Pennsylvania will share in a portion of a $40.1 million multi-state
settlement with CareFusion that resolves off-label marketing and Medicaid fraud allegations involving the ChloraPrep surgical preparation solution, the state Attorney General’s Office announced Jan. 10.
Under the terms of the settlement, CareFusion, a California-based technology company that manufactures medical and surgical supplies and medical devices, will pay the multi-million-dollar settlement to the federal government and the unspecified number of states for allegedly promoting and marketing ChloraPrep for uses that were not approved by the Food and Drug Administration.
Authorities say CareFusion’s alleged unlawful and improper conduct took place for about two years beginning back in 2009, and caused false and/or fraudulent claims to be submitted to, or caused purchases by, government-funded healthcare programs, including Pennsylvania’s Medicaid programs.
According to the Pennsylvania Attorney General’s Office, CareFusion’s predecessor corporation had entered into agreements, as to which CareFusion assumed legal and financial responsibility, for the payments of monies to an entity known as Health Care Concepts Inc.
Those payments were allegedly made, prosecutors contend, in order to conceal kickbacks to the physician owner of Health Care Concepts, for the purpose of promoting and inducing healthcare providers to use ChloraPrep, in violation of various federal and state anti-kickback statutes.
Federal authorities worked in conjunction with a team from the National Association of Medicaid Fraud Control Units on the investigation into CareFusion’s alleged unlawful conduct and helped conduct the settlement negotiations with CareFusion on behalf of the states involved in the case, according to the Attorney General’s Office.
“When companies pay kickbacks to doctors, especially doctors involved in setting standards for the health care industry, they undermine the integrity of the health care system,” Stuart F. Delery, assistant attorney general for the U.S. Justice Department’s Civil Division, said in a statement. “Corrupting the standard-setting process through kickbacks can affect the health care treatment choices that doctors and hospitals may make for patients.”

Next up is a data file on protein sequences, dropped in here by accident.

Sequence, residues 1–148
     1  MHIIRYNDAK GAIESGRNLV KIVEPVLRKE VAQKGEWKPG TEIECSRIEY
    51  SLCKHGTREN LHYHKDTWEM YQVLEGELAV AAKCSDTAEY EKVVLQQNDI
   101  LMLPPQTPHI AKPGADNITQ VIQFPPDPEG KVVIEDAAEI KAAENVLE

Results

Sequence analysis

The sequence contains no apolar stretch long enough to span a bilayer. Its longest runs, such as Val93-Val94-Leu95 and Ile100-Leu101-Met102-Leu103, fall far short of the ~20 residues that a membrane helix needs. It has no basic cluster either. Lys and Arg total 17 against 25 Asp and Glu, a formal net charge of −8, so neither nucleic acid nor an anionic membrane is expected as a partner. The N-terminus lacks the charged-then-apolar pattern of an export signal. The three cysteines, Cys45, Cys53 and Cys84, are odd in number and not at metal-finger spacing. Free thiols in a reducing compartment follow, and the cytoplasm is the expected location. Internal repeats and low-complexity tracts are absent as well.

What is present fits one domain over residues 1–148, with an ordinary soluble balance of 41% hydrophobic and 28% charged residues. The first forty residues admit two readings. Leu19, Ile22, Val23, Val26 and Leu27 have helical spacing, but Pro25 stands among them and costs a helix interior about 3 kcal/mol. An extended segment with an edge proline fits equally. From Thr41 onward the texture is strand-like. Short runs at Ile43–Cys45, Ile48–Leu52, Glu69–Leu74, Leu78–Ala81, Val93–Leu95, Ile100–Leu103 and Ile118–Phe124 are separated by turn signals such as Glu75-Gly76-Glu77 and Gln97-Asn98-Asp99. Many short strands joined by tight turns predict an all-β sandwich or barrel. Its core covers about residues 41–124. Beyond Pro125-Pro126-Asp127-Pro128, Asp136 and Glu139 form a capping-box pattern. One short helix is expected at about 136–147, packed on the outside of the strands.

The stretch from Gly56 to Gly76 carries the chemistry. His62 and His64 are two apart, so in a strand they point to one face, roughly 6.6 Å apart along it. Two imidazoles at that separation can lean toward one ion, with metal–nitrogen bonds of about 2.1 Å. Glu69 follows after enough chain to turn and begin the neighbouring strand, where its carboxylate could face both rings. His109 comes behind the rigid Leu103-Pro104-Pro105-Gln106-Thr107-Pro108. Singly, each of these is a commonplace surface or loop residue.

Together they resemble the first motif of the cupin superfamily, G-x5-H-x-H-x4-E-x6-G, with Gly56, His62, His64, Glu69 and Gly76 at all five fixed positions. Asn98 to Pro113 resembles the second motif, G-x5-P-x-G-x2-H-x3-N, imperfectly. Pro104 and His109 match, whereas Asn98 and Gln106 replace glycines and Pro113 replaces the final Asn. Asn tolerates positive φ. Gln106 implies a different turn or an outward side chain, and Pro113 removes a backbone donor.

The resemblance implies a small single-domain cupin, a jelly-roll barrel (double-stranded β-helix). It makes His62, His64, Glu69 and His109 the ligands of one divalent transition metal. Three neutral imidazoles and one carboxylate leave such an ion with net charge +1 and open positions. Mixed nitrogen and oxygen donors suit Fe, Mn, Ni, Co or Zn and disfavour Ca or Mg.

The settlement resolves allegations that, under CareFusion’s predecessor, the company paid $11.6 million in kickbacks to Dr. Charles Denham while Denham served as the co-chairman of the Safe Practices Committee at the National Quality Forum, a nonprofit group that reviews, endorses and recommends standardized healthcare performance measures and practices, according to the Justice Department.
The government maintains that the purpose of the payments was to induce Denham to recommend, promote and arrange for the purchase of ChloraPrep by healthcare providers.
The settlement resolves allegations that between September 2009 and August 2011, CareFusion violated the False Claims Act by promoting ChlorPrep, which has been approved by the Food and Drug Administration for the preparation of a patient’s skin prior to surgery or injection, for uses not approved by the FDA.
“Health care fraud drives up the cost of health care and jeopardizes the strength of our health care system,” Barry Grissom, U.S. Attorney for the District of Kansas, said in a statement. “This case demonstrates that our fight against health care fraud is helping to protect all Americans, including the elderly, the disabled and the most vulnerable among us.”
The case began with a qui tam, or whistleblower, lawsuit filed by Dr. Cynthia Kirk, a former vice president of regulatory affairs for the Infection Prevention Business Unit of CareFusion, according to the Justice Department.
CareFusion Chief Executive Officer Kieran Gallahue told Reuters that the company is pleased to reach a settlement, and that it has made “significant investments” toward improving its quality and compliance practices, which includes the divisions of sales and marketing.